A large part of that hangs on its cast.  This is the film that turned Jessie Eisenberg from that kid in The Squid & The Whale and Rodger Dodger to a top level film actor, and introduced us to Andrew Garfield and Armie Hammer who've both become huge stars while still struggling to match the work they've done here.  And it's supporting cast is just as strong with great characters presented by Rooney Mara, Rashida Jones and of course Justin Timberlake.  Meanwhile, Trent Reznor's first feature score is both subtle and strange.  It's probably actually a more engaging film now that time has passed and its free of all the associations and expectations.  Which is not to say that we, as a culture, are over Facebook or Zuckerberg yet.  Sorkin keeps talking about reconnecting with Fincher for a second one, and when the time is right, it could be quite interesting.  But there's just something about this film, the story of young men and being driven apart by adulthood, that works on a broader and deeper level than all this legal sociopolitical stuff, which is still entertaining in its own right, but would likely feel more casual and weightless in a sequel.
1) 2011 DVD; 2) 2011 BD; 3) 2021 BD; 4) 2021 UHD.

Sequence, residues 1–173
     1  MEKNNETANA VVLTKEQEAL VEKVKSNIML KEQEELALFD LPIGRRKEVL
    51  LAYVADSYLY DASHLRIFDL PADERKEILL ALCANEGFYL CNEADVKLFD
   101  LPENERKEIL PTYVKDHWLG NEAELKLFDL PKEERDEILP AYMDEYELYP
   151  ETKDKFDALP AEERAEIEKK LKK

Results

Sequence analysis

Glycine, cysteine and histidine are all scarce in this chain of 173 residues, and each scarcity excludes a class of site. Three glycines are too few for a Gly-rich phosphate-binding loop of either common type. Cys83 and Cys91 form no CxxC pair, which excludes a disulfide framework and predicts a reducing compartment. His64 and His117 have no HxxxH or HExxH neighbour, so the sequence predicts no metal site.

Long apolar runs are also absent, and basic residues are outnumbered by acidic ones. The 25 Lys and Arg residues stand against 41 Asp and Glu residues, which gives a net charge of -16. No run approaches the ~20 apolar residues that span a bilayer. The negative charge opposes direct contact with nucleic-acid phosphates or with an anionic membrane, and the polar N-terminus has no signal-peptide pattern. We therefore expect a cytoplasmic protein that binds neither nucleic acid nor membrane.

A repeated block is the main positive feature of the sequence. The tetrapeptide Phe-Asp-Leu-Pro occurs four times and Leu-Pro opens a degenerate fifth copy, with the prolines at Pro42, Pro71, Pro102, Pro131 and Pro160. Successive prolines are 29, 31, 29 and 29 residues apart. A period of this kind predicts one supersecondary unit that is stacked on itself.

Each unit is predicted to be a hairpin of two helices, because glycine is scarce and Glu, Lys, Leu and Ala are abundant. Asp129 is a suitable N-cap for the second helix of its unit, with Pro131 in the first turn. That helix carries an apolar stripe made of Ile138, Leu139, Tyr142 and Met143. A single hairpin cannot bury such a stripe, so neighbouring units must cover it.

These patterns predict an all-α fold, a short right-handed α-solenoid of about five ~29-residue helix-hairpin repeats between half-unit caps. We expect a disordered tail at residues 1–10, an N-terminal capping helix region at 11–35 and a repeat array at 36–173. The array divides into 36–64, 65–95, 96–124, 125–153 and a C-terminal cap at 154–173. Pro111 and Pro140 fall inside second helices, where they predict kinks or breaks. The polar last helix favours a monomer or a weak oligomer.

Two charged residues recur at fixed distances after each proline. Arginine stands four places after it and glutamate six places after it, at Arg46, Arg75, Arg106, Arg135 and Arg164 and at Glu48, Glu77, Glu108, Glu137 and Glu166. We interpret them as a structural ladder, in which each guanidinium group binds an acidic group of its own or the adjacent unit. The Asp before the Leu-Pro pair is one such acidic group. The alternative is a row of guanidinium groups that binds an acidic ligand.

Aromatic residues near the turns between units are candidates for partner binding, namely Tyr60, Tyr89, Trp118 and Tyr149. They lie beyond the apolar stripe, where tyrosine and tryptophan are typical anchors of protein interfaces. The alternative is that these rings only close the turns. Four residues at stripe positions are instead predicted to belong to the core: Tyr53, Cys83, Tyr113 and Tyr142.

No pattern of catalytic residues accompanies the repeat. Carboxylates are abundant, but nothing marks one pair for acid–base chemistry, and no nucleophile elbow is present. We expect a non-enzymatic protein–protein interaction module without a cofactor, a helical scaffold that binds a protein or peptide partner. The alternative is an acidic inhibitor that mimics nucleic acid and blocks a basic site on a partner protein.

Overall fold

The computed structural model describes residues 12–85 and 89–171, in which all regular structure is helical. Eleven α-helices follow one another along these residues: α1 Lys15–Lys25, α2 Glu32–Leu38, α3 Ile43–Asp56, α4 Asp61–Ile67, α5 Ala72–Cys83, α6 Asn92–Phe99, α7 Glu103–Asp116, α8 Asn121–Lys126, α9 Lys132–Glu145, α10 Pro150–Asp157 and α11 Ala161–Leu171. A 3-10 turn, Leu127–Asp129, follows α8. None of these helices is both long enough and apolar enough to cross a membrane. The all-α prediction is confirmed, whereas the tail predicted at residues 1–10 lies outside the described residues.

All four discs are 2.40:1, but the DVD is slightly vertically stretched (and therefor also loses slivers along the top and bottom), which the BDs and UHD all fix.  Everything you'd otherwise expect about the DVD being blurrier than its HD counterpart are true and good.  But the purist in me got a little worried when I cracked open the "Upgrade Notes" for the new UHD release.  There's a lot of talk about this "opportunity to revisit" the film, "remaining true to the director's vision," but how "a work of art is never finished."  This is a digital film, so there's no question of re-scanning film; but they have gone back to the digital intermediate files to re-time the film for HDR, stabilize the image and remove flaws like "an errant drop shadow in the title sequence."  Talk of "opening up the framing in places" stood out as the most potentially revisionist; though as you'll see in the comparison shots, most of the framing is untouched, and the changes they did make were subtle enough that I couldn't spot them without scrubbing through but versions side-by-side.

There are flag-raising signs of what I would normally consider tampering, like DNR and edge enhancement, but this is presumably work Fincher did in post-production rather than anything that could be blamed on the home video departments down the line.  And, just to be clear, it is present in every edition, past and present.
2021 BD left; 2021 UHD right.
I bring this up more to say that most of these flaws couldn't have been fixed, but there are a long series of subtle improvements.  Most flared out bright spots are still flared out, but some are less so.  You only have to look at the above enlargements to see how much more lifelike the image is now on the UHD.  Yes, it's an older 2k film, but the resolution really does make a difference, and the new HDR is more naturalistic.  But that's only on the UHD, because the included  2021 BD uses the exact same transfer as the 2011 BD.  It doesn't even have the uncut audio.